How to Keep Cats Off of a Window Screen


Scratching is important to cats for a number of reasons, including establishing their territory, relieving tension, and getting exercise. It is an essential component of their life and makes a positive contribution to their mental health. They often prey on window screens because the metal in them helps sharpen their nails, and they can climb them while seeing the outside world. As a result, they are a common target for these creatures. Cats, and particularly kittens, have a disposition quite similar to that of children in that they are very curious. Your feisty little feline buddy has the potential to do damage to the screens or to tumble off and harm themselves if they are allowed to climb on them, therefore it is in everyone’s best interest to educate them to refrain from doing so.

  1. During the next several days, keep an eye on your cat and watch for any instances in which it scratches or climbs on the displays. Take note of whether or whether this behaviour occurs after feeding, when there is another animal or person in the yard, or after a stressful event. Finding out why the cat is clawing and climbing is necessary in order to choose the most appropriate remedy.

  2. If there does not seem to be any discernible reason for the behaviour, you should instruct the cat to scratch in a different location. It’s conceivable that the cat simply likes to scratch on vertical surfaces for no particular reason. In such situation, position a scratching post so that it is right below the window where the cat does the most of its scratching. According to Cat World’s advice, if at first the cat does not scratch the post, massage it with catnip or oil made from catnip.

    The vast majority of cats will want to be around the catnip because of the inherent attraction it inspires in them. However, before you use this method, you need first determine how your cat reacts when exposed to the plant. Some cats have unfavourable responses, and the objective here is not to make the problem worse but rather to find a solution. It doesn’t matter how the cat reacts when it takes a whiff of catnip since the substance is completely safe for it to consume.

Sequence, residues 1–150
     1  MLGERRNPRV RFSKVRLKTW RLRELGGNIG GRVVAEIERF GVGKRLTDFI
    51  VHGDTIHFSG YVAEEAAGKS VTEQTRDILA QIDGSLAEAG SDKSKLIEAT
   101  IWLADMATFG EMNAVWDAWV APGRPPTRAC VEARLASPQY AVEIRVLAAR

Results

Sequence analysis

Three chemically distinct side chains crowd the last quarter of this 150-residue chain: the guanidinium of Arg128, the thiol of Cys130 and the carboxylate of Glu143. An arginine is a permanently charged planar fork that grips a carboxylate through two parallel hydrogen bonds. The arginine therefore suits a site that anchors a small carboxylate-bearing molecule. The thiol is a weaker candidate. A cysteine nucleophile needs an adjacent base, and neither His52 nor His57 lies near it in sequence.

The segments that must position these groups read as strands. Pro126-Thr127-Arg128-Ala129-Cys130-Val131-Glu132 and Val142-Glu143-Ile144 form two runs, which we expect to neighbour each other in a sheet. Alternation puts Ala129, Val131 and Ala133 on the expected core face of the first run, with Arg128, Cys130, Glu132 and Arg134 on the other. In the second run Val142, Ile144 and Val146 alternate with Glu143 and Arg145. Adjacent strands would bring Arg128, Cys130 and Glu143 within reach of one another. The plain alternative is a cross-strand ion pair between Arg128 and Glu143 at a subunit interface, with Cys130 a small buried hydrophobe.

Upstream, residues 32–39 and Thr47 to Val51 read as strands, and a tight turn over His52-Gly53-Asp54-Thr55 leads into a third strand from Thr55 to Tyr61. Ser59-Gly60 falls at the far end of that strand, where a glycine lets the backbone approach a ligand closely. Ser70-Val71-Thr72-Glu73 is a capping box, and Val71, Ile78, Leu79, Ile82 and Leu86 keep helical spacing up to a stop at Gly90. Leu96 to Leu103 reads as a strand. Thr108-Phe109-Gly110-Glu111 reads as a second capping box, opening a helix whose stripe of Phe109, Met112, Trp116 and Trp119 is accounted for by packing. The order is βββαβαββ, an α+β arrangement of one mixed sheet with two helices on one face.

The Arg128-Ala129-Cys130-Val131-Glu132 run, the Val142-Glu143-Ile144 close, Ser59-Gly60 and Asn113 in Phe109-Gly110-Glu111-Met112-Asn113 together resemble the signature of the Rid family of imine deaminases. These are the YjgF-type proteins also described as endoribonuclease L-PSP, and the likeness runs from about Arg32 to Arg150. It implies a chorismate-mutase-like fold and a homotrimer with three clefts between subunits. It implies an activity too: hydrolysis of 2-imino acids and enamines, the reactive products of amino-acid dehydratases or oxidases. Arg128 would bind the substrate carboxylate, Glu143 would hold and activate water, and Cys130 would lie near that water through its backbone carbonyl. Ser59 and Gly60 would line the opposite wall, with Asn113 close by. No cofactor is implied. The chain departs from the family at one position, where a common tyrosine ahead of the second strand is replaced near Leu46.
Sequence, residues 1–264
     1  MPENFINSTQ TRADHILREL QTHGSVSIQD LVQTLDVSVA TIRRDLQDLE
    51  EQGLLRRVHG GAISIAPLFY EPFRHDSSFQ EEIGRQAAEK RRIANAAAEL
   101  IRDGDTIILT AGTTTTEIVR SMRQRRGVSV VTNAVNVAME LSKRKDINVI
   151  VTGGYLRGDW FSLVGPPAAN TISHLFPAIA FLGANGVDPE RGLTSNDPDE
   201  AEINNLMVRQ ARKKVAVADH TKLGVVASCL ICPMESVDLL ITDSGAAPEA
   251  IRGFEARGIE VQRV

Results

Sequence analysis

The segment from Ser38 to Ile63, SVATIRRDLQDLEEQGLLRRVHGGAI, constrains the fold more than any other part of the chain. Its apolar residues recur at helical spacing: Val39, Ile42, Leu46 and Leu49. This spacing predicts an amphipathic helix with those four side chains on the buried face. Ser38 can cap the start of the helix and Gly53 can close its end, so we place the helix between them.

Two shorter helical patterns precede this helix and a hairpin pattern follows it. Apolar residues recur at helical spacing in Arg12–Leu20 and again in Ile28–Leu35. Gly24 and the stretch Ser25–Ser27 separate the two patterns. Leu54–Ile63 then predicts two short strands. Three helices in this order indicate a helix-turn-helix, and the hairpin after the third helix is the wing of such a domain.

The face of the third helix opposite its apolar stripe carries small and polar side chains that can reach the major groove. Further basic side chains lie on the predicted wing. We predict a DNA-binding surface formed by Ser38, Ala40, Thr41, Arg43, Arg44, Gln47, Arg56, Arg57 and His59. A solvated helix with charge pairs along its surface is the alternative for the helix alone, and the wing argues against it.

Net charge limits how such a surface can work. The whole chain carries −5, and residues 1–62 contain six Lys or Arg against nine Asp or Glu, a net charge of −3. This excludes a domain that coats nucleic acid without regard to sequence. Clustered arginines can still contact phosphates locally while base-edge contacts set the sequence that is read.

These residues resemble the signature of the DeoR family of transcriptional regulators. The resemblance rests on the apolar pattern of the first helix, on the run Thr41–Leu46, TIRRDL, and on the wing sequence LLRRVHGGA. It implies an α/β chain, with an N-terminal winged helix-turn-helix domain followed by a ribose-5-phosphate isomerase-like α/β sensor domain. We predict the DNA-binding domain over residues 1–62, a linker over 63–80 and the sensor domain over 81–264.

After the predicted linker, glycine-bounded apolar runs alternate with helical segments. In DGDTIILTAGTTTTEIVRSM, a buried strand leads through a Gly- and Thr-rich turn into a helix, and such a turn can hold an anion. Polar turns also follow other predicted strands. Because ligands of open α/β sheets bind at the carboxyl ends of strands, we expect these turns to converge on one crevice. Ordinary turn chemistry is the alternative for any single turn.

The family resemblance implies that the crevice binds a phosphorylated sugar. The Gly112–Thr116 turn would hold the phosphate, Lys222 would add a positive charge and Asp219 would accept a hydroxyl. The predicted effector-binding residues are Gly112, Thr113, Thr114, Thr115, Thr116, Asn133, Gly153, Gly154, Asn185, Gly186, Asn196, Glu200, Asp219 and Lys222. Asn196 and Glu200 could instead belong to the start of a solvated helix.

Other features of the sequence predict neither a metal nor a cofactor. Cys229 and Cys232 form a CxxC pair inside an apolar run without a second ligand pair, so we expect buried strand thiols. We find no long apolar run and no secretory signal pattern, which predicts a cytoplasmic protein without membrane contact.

3. Put a plant with catnip inside of a birdcage so the cat can reach it, but they won’t be able to knock it over. Position the crate in the room of your house in which you would want the cat to spend the most of its time. Through this training, the cat will learn to identify positive feelings with the surrounding surroundings, and it will be less inclined to seek solace in the window screens of your home.

  4. The recommendation made by Cat Lovers Only is to use double-sided tape to cover the screen in order to educate the cat that the screen is something to avoid. Sticky paws are something cats want to avoid at all costs, and they will soon figure out that the screen is not a place they want to be. Your air flow will be restricted as a result of this, but you won’t have to keep the tape in place for very long until the cat decides it no longer wants to use the screen.

  5. In the event that you are unable to cover them, use a spray designed to repel cats on the screen. The residue left behind by these sprays has an odour that is normally undetectable to humans but irritating to cats. The most significant drawback associated with the use of the sprays is the possibility that the cat will no longer sit at the window to take in the fresh air.

    Things You Will Need

    • Scratching post

    • Catnip

    • Bird cage

    • Double-sided sticky tape

    • Cat repellant spray


    Scratching posts aren’t the only option, however; a scratching board or cat tree would work just as well.